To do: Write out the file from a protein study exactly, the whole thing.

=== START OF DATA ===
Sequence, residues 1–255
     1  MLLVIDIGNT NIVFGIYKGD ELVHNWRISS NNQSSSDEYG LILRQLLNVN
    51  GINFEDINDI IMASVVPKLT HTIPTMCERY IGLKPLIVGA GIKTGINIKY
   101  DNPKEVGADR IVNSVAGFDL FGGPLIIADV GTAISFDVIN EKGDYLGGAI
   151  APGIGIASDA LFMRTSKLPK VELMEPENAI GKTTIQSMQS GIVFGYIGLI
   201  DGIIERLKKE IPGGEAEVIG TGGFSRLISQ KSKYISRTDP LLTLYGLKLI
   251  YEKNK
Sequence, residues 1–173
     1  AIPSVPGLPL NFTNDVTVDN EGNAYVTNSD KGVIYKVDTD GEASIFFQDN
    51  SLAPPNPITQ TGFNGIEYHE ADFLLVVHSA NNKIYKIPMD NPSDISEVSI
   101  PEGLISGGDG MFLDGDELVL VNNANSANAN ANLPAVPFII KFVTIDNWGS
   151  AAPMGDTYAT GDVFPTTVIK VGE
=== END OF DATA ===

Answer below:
Sequence, residues 1–255
     1  MLLVIDIGNT NIVFGIYKGD ELVHNWRISS NNQSSSDEYG LILRQLLNVN
    51  GINFEDINDI IMASVVPKLT HTIPTMCERY IGLKPLIVGA GIKTGINIKY
   101  DNPKEVGADR IVNSVAGFDL FGGPLIIADV GTAISFDVIN EKGDYLGGAI
   151  APGIGIASDA LFMRTSKLPK VELMEPENAI GKTTIQSMQS GIVFGYIGLI
   201  DGIIERLKKE IPGGEAEVIG TGGFSRLISQ KSKYISRTDP LLTLYGLKLI
   251  YEKNK
Sequence, residues 1–173
     1  AIPSVPGLPL NFTNDVTVDN EGNAYVTNSD KGVIYKVDTD GEASIFFQDN
    51  SLAPPNPITQ TGFNGIEYHE ADFLLVVHSA NNKIYKIPMD NPSDISEVSI
   101  PEGLISGGDG MFLDGDELVL VNNANSANAN ANLPAVPFII KFVTIDNWGS
   151  AAPMGDTYAT GDVFPTTVIK VGE